With the Spirit of God upon him, Samson was a powerful man with supernatural strength. We also find he was very intelligent with an unusual sense of humor. While he had almost unlimited potential to deliver his people from the Philistines, his story ends in needless tragedy. He not only failed to deliver his people, but killed himself. The words disobedience, defeat, disgrace, and destruction could be used to describe his life, but the Bible also uses one more word to describe him and that is faith.
Despite all of Samson’s weaknesses, he did turn back to God before he died (Judges 16:28–30). God in His grace used Samson to fulfill His purpose. In reality, Samson’s death did much to stop the oppressive actions of the Philistines. Samson’s destruction of the temple of Dagon was a major factor in their downfall at Mizpah by Samuel and the children of Israel some 100 years later (I Samuel 7:7–14).
Perhaps the greatest lesson we learn is that God desires to forgive and give grace. In the end, God saw Samson as a man of faith. This is evidenced by the fact that he’s listed among those in the hall of faith (Hebrews 11:32). When we read through the list of names recorded there, we find that no one in the “hall of faith” was perfect. Samson was the strongest man to ever live, but it was God who gave him the strength. More importantly, Samson let himself be used by God. In fact, God could have used him without making him the strongest man. He’s willing to meet us right where we are, right now and to take us where He wants us to be if we will let Him (James 4:8a – Draw nigh to God, and he will draw nigh to you.).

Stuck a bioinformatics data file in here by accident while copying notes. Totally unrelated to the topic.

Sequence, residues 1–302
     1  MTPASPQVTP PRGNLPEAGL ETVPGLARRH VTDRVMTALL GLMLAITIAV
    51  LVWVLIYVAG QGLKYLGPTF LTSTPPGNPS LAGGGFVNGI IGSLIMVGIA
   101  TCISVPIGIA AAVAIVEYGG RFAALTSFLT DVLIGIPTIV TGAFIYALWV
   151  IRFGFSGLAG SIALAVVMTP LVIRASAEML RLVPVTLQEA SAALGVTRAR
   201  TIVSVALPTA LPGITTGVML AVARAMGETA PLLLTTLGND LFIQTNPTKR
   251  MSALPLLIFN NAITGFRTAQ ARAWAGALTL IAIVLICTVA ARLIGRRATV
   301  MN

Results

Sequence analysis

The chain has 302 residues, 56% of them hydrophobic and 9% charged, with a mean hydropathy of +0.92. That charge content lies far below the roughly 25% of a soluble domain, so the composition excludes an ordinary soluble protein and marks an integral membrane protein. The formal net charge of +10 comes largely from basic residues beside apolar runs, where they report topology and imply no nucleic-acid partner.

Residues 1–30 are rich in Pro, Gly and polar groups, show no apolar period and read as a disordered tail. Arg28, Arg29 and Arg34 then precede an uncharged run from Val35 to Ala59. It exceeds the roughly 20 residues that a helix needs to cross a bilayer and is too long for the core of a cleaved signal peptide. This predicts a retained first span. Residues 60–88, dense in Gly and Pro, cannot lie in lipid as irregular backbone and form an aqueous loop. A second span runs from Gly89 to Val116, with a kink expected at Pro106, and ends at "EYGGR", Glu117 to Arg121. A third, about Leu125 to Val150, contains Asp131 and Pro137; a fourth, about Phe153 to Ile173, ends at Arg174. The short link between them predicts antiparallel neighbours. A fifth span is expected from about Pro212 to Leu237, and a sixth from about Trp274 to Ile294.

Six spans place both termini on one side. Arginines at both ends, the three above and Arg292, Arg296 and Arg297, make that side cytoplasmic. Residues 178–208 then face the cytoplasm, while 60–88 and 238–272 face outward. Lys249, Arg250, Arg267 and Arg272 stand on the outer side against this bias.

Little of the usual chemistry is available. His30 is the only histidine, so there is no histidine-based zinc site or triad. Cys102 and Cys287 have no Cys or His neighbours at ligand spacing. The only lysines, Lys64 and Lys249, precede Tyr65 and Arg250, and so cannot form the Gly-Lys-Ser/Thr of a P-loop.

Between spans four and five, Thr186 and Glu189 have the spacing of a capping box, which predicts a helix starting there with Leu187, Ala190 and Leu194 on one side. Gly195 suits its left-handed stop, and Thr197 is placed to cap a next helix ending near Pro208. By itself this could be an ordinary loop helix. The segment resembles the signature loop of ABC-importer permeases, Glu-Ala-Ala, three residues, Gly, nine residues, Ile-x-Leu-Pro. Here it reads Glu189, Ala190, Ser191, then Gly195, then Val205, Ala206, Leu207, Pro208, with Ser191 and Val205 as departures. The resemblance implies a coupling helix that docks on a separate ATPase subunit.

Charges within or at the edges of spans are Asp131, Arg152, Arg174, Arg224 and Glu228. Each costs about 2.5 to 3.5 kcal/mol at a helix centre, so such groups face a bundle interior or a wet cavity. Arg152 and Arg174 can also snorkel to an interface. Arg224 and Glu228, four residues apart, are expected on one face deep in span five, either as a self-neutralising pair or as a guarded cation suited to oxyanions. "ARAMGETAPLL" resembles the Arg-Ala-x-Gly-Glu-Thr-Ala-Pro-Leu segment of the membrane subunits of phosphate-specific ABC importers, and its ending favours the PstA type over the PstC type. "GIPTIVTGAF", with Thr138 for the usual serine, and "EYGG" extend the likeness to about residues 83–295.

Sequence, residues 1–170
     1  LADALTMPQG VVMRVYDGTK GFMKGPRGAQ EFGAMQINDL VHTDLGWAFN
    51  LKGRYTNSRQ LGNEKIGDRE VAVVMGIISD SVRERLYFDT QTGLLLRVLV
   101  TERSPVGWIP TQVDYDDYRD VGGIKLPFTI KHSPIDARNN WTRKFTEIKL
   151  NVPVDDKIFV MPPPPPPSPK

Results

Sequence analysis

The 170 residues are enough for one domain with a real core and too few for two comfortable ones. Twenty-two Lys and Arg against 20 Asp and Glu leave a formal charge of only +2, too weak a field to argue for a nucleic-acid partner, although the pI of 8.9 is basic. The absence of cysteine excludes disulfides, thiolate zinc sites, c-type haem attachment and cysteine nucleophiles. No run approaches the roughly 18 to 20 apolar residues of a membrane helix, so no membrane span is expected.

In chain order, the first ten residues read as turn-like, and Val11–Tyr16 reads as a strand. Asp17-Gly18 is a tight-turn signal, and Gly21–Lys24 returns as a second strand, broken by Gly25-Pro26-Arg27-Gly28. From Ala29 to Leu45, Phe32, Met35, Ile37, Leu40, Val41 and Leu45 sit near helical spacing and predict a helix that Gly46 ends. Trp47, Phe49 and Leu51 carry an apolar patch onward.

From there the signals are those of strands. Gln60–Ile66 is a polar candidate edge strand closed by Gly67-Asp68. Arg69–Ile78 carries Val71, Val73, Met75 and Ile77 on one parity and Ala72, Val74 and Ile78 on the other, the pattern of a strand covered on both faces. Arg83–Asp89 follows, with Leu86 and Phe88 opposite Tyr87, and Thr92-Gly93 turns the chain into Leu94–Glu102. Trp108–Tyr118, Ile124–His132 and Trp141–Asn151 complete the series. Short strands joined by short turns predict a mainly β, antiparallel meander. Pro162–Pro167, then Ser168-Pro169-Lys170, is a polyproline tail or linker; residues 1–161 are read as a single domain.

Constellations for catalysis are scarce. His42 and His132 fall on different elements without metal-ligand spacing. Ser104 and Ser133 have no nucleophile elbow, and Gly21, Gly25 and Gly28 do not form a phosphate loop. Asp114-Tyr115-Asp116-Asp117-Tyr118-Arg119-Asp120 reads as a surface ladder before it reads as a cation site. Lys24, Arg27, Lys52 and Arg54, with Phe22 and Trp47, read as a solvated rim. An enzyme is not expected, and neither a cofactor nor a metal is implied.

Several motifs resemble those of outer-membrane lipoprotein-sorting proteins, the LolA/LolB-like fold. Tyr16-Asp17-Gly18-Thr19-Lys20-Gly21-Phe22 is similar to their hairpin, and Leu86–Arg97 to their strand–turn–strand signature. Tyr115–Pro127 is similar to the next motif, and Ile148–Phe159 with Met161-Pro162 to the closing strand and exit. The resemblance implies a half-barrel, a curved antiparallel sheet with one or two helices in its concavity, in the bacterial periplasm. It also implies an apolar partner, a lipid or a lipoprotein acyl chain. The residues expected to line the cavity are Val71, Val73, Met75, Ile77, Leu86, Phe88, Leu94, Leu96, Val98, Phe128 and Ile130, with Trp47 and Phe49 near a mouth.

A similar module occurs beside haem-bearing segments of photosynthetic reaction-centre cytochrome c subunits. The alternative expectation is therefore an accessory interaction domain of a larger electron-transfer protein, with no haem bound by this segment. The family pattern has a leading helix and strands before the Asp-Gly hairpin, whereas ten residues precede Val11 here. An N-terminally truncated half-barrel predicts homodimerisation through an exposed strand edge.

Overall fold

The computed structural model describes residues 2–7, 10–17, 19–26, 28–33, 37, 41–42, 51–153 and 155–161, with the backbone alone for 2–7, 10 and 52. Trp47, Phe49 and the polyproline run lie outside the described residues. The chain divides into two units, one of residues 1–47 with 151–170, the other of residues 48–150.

There is only one way to understand the story of Samson and that is from a divine point of view. We should not attempt to make Samson a model for Christian men and boys. Samson is a man who illustrates the warnings of Scripture, particularly those we find in the Book of Proverbs. He is a man who lived his life in the pursuit of fleshly pleasures, a man who cared too little about God and about his divinely-given gifts and calling. Samson is a study in how not to live the Christian life.
We should strive to have the faith that Samson had at the end of his life and live to avoid all the mistakes he had in his life as he let his flesh lead him instead of letting God lead him. Decide and determine that you will follow the leading of God in all areas of your life to live in the spirit in fellowship with Christ and not follow the leading of Satan and live in the flesh. (Romans 8:5-8 – For they that are after the flesh do mind the things of the flesh; but they that are after the Spirit the things of the Spirit. For to be carnally minded is death; but to be spiritually minded is life and peace. Because the carnal mind is enmity against God: for it is not subject to the law of God, neither indeed can be. So then they that are in the flesh cannot please God.)
Picture credit: https://digitalcollections.nypl.org/items/510d47e3-d809-a3d9-e040-e00a18064a99